Art. II. An Elementary Investigation of the Theory of Numbers, with

its application to the Indeterminate and Diophantine Analysis, the analytical and geometrical division of the circle, and several other curious algebraical and arithmetical problems. By Peter Barlow, of the Royal Military Academy. 8vo. pp. xvi. 507. Price 14s.

in boards. Johnson and Co. 1811. ALTHOUGH Mr. Barlow, in undertaking the work before

us, has not opened any new channels of thought, the subjects to which our attention is invited, have, each of them, until within the last ten years, been almost entirely neglected for nearly a century. On the theory of numbers, there is very little extant, between the times of Euclid and Archimedes, and that of Malcolm: and from Malcolni's time to the present, scarcely a new property was added to the stock, before the recent publications of Legendre and Gauss. The Diophantine analysis, indeed, has met with a rather more respectful attention : but still has but seldom been treated with the perspicuity of which it is susceptible, or been made to furnish any practical applications. We are persuaded, however, that the Diophantine method may be employed with great success in the finding of fluents; and we should have been gratified to meet with a few examples to this effect, in Mr. Barlow's work. That he has developed many of its uses in other scientific enquiries, our readers may perceive from the following analysis of his work.

It is divided into two parts, of which the first is subdivided into ten, the second into seven chapters. In the first part the author treats of the sums, differences, and

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products of numbers in general,-divisors, and the theory of perfect, amicable, and polygonal numbers,—the lineal forms of prime numbers, and their most simple properties, the possible and impossible forms of square numbers, and their application to numerical propositions,-the possible and impossible forms of cubes, and higher powers,-the properties of powers in general,--the products and transformations of certain algebraical formulæ,--the quadratic divisors of certain formulée,--the quadratic' forms of prime numbers, with rules for determining them in certain cases,the different scales of notation, and their application to the solution of arithmetical problems. This part is terminated by a dissertation on the notation of the Greeks (avowedly taken from Delambre), and some miscellaneous proposi- . tions.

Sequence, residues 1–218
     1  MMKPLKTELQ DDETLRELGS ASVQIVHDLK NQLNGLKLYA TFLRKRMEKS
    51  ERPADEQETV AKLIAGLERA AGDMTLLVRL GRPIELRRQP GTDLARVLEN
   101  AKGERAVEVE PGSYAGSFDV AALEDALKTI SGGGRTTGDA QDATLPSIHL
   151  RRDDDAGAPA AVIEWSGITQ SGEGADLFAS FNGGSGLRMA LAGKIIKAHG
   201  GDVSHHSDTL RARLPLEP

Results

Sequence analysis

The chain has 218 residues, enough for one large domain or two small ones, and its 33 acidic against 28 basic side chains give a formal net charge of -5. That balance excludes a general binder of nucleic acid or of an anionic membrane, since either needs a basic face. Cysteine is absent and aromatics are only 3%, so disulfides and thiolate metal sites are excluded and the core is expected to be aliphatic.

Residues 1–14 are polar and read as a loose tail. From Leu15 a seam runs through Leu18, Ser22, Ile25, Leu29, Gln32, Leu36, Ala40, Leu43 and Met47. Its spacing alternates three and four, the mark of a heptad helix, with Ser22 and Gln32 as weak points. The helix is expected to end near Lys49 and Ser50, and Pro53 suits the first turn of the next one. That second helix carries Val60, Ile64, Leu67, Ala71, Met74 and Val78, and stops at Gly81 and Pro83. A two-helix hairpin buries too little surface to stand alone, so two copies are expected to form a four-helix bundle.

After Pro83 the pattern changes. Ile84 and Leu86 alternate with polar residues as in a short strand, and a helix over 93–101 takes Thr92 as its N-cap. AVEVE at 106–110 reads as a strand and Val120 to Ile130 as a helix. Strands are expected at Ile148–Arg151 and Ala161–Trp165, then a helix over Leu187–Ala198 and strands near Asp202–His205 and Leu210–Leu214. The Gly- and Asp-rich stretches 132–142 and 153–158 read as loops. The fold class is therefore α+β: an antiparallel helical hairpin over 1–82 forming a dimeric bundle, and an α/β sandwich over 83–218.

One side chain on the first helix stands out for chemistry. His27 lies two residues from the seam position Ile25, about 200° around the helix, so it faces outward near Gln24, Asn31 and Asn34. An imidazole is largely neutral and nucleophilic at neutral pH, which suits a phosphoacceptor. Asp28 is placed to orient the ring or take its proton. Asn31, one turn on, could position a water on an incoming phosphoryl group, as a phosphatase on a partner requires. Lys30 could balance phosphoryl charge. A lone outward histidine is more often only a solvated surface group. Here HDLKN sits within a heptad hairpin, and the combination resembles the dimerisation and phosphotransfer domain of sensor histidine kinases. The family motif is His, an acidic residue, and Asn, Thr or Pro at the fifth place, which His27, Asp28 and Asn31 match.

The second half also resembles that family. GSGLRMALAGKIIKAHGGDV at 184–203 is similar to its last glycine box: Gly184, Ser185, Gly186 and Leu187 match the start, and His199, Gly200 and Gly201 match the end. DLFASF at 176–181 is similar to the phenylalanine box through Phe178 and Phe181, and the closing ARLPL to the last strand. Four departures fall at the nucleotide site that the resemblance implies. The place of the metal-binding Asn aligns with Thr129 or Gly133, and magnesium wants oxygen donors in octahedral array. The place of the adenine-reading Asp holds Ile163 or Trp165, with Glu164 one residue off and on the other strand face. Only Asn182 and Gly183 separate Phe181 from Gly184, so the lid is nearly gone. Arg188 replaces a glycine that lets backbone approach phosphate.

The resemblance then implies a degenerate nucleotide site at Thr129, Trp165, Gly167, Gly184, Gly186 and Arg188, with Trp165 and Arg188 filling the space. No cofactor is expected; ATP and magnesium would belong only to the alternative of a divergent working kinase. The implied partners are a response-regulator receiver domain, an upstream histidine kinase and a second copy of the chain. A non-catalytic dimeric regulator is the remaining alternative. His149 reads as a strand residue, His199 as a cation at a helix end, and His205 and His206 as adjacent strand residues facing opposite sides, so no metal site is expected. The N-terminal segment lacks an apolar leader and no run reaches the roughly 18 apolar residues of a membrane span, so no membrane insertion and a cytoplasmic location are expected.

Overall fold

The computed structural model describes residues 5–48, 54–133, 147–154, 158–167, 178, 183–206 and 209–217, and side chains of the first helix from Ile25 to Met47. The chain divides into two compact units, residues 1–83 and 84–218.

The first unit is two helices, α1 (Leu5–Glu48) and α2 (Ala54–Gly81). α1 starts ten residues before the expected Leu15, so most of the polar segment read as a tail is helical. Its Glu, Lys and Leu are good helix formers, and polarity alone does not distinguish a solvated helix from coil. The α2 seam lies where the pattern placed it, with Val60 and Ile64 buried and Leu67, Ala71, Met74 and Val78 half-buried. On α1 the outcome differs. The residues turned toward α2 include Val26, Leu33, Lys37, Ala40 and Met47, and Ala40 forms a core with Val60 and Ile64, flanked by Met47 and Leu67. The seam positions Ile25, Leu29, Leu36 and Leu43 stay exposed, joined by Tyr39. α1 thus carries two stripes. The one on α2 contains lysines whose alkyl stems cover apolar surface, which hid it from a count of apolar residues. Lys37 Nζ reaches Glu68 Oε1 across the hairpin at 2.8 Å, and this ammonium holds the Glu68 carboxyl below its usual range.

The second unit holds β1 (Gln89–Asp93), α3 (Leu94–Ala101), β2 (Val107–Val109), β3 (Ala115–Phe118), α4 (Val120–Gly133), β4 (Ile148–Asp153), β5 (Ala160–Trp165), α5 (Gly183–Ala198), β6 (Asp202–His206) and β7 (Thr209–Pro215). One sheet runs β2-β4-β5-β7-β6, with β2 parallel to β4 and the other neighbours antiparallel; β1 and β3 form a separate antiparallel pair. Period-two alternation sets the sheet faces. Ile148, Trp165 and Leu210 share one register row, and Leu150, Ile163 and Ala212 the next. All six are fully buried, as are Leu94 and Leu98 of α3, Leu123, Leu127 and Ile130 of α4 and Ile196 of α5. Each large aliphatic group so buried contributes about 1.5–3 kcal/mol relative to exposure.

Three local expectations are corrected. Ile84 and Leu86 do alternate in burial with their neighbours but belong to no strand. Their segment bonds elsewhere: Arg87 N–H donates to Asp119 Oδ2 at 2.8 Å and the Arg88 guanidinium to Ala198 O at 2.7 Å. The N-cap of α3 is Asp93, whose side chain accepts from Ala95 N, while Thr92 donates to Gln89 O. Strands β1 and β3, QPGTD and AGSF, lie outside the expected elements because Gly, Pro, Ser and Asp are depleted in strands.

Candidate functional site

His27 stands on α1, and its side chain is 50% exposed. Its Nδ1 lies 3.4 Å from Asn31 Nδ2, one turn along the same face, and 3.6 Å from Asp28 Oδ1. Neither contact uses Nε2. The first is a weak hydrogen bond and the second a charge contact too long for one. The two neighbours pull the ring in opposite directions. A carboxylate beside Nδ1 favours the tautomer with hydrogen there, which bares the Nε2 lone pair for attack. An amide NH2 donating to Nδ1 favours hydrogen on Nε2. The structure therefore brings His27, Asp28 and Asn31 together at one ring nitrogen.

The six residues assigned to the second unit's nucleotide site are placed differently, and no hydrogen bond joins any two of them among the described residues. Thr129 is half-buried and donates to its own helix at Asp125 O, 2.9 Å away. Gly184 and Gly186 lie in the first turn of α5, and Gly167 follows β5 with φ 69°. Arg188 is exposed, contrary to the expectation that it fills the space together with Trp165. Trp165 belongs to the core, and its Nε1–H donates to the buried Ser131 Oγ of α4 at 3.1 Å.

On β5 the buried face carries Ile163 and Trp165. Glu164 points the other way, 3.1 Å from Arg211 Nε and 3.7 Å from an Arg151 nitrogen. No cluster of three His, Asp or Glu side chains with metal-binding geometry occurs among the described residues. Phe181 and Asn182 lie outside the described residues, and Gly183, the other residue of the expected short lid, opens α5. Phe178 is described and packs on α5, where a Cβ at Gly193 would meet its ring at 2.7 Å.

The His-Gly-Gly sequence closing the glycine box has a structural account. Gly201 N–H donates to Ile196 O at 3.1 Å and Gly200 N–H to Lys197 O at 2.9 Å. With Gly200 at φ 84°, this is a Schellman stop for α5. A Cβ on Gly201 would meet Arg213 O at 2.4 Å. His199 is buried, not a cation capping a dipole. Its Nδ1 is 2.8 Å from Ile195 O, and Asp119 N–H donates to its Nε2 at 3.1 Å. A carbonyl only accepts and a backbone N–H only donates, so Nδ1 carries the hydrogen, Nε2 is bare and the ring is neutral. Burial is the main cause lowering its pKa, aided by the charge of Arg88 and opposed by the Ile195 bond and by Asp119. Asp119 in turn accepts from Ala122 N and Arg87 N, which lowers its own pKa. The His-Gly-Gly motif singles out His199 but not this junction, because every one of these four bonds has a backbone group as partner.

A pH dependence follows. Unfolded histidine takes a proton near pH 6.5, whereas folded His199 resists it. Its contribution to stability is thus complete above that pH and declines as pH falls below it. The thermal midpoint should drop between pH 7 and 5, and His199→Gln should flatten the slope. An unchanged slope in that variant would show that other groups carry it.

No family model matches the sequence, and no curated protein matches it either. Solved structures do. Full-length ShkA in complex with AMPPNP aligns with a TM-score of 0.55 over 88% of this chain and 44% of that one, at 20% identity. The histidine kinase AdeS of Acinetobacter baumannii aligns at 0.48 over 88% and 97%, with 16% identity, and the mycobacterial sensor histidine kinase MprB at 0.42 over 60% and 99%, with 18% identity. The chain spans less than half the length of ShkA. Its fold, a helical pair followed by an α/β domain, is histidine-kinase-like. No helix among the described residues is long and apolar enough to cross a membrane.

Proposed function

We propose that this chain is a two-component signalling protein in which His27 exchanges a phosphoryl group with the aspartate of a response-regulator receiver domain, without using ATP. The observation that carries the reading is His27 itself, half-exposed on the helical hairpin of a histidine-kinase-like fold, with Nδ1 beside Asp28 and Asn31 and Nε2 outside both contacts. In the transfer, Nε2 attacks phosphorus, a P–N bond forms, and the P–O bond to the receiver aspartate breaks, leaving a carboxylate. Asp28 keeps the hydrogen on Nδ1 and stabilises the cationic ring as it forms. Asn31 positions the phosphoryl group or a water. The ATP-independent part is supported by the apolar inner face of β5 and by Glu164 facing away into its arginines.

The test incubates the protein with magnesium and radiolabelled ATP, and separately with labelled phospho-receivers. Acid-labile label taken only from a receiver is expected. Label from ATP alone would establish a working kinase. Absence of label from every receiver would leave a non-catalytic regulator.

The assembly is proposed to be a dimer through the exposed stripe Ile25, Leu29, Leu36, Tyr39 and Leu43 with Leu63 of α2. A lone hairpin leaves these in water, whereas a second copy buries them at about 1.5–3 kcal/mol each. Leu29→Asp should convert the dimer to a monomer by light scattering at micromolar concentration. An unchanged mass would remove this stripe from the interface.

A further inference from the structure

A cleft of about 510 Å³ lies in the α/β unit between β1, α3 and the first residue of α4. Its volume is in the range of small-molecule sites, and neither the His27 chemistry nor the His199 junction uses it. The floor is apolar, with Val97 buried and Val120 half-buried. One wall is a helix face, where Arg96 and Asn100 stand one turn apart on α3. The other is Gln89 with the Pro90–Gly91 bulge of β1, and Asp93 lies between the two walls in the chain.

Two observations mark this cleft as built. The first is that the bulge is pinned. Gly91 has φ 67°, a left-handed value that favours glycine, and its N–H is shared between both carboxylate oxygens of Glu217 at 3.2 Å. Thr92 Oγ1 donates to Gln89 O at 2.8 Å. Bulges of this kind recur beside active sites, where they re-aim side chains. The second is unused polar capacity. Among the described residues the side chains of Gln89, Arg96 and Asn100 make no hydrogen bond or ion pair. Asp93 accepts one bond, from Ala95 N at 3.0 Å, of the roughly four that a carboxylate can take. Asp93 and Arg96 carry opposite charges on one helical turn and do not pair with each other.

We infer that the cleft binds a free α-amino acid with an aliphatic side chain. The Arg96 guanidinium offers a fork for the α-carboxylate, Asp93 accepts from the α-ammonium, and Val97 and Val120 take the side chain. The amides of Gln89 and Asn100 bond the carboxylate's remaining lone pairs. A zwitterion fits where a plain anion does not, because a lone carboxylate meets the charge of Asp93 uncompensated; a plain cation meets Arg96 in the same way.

In the second part we find the subject of continued fractions, and their applications to various problems,-the solution of indeterminate equations of the first, second, third, and higher degrees respectively,--the solution of indeterminate equations of the form 7—1=M(a), with a table of indeterminate formulæ,--the solution of Diophantine problems, with miscellaneous examples,--the analytical and geometrical division of the circle, including the solution of Gauss's celebrated problem relative to the inscription of polygons in a circle. The volume concludes with two tables; namely, one of prime numbers to 4000; the other, containing the least values of p and q; in the equation pemNqo=1, for every value of n, from 2 to 202.

Such of our readers as are acquainted with Legendre's work, entitled “ Essai sur la Théorie des Nombres,” and Gauss's “ Disquisitiones Arithmeticæ,” will observe, from the preceding analysis, that much of the ground over which Mr. Barlow conducts us, has been already explored by those able mathematicians. But it inust not thenice be inferred that he pursues the same route, and strikes into no new paths. While he wisely facilitates his own progress by the experience of his predecessors, he sometimes cuts through a hill which they had ascended and descended, and now and then, by main strength, removes an obstacle which they had 'slily evaded. In general, his manner of proceeding is, strictly speaking, his own. Diophantus, Bachet, Fermat, Kersey, Euler, Waring, Legendre, and others, frequently furnish him with materials; but he work them up in his own

casts the whole into a shape which is at once neat, interesting, and useful.

We have already given some proofs of his talents, in our account of the new edition of Euler's Algebra, which it now appears, was Vol. VIII.